On paper, a stripped-down Oscars seems about as appealing as celebrating your wedding anniversary at White Castle. But the team behind Sunday's ceremony did an impressive job under bizarre circumstances, inviting viewers into an intimate dinner party mere mortals never get to crash.

Truth is, the Academy Awards have been draining the hoopla out of their big bash for years, scrapping big-ticket hosts, bombastic musical numbers and lengthy salutes to legends. Sunday's was even more low-rent, thanks to the pandemic.

The show began with a tracking shot of Regina King entering L.A.'s Union Station, a frequent film location set up for cabaret seating. It could have been a nod to the very first Academy Awards, a brief affair at the Roosevelt Hotel, although it was more evocative of a suburban nightclub than a swank hotel.

Upon hitting the stage, King tripped — then regained her balance with a nod to the Derek Chauvin trial: "If things had gone differently in Minneapolis, I might have traded in my heels for marching boots." Later, Marlee Matlin gave a shout-out to Darnella Frazier, the Minnesota teen who captured George Floyd's death on her phone.

From the outset it was clear that the producers, including director Steven Soderbergh, weren't going to play by the rules. Winners never got cut off by house DJ Questlove, who relied on pretaped music from his band, the Roots.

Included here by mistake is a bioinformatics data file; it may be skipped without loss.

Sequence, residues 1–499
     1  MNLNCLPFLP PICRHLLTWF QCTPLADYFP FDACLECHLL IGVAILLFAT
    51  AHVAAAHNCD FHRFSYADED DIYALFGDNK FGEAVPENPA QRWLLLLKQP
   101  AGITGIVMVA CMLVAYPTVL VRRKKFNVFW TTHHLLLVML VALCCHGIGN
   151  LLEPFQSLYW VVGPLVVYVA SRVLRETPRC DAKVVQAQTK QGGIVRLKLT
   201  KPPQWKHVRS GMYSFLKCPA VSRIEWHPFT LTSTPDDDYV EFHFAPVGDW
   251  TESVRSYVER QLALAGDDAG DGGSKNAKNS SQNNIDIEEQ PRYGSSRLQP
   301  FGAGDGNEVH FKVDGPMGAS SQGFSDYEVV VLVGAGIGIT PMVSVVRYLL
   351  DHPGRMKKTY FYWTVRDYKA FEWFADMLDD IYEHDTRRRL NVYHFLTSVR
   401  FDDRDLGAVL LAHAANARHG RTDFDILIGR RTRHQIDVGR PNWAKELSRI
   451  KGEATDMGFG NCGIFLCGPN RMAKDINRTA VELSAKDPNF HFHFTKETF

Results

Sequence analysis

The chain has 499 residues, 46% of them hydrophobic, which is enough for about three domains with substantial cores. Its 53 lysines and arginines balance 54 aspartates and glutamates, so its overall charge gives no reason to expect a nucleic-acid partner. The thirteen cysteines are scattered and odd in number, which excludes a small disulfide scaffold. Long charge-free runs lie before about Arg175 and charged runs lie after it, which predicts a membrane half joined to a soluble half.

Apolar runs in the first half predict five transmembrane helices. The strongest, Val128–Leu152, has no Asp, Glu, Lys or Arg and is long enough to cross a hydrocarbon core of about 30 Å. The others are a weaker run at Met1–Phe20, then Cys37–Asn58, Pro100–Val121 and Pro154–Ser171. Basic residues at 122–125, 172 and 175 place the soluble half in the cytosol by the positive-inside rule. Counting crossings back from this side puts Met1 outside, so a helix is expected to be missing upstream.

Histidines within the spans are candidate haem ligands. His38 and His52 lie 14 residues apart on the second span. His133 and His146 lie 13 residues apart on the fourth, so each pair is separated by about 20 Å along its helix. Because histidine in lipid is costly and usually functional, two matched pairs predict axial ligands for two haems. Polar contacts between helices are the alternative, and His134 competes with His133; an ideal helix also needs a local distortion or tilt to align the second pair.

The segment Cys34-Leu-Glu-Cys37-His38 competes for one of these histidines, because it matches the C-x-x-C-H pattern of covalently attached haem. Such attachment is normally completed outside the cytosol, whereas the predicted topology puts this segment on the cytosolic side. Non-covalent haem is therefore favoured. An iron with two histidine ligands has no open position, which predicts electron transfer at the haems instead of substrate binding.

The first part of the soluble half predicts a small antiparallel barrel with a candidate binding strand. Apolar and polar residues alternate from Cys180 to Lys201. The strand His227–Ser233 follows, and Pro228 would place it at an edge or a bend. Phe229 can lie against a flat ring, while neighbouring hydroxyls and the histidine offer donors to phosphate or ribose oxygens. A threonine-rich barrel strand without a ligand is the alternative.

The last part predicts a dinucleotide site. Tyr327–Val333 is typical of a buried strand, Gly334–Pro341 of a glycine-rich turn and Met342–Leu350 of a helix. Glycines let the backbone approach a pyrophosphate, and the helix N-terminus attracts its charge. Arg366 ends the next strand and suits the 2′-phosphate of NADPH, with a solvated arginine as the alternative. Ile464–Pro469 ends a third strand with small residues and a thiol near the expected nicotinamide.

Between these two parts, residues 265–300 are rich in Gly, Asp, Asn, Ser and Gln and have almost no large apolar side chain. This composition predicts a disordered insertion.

Lifting the time limit paid off when Thomas Vinterberg, director of international film winner "Another Round," wrapped up a rambling speech by dedicating the victory to his daughter, Ida, who died four days into shooting. Supporting-actor winner Daniel Kaluuya punctuated his lengthy thanks with a moving tribute to Fred Hampton, the Black Panthers leader he portrayed in "Judas and the Black Messiah."

Rather then reading lame jokes off teleprompters, presenters often shared anecdotes from their love affair with the movies. Laura Dern spoke of each supporting-actor nominee with such intimacy, she might as well have popped by their tables and given them fist pumps.

The usual order of awards also went out the window. In the most unexpected switcheroo, the best actor winner was announced last, presumably so the evening would end with a tribute to the late Chadwick Boseman. That move backfired when the award went to an absent Anthony Hopkins.

Performances of best-song nominees were relegated to the "Spotlight" pre-show. The highlight: H.E.R. singing the eventual winner, "Fight for You," with a masked dance troupe and banners declaring Power to the People.

All the tweaks and twists didn't necessarily eliminate boredom, but Sunday's event clocked in at 3 hours and 15 minutes — 25 minutes shorter than the average over the past five years.

It's possible the Oscars could have been more irreverent, an approach the Emmys used with some success last year. But the film academy has never been very good at loosening up — a fact that producers seemed to forget when they shoehorned in a bit late in the show in which Glenn Close revealed that she was intimately familiar with a song called "Da Butt."

Aside from her cringe-inducing dance, the proceedings remained regal — but with a side of sliders.